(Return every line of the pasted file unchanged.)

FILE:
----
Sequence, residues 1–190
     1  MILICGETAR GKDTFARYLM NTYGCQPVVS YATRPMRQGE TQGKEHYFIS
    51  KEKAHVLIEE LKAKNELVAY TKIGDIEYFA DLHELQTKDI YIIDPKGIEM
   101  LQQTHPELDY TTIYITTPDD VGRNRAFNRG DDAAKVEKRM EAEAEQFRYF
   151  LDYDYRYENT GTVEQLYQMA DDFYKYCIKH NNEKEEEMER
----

Sequence, residues 1–190
     1  MILICGETAR GKDTFARYLM NTYGCQPVVS YATRPMRQGE TQGKEHYFIS
    51  KEKAHVLIEE LKAKNELVAY TKIGDIEYFA DLHELQTKDI YIIDPKGIEM
   101  LQQTHPELDY TTIYITTPDD VGRNRAFNRG DDAAKVEKRM EAEAEQFRYF
   151  LDYDYRYENT GTVEQLYQMA DDFYKYCIKH NNEKEEEMER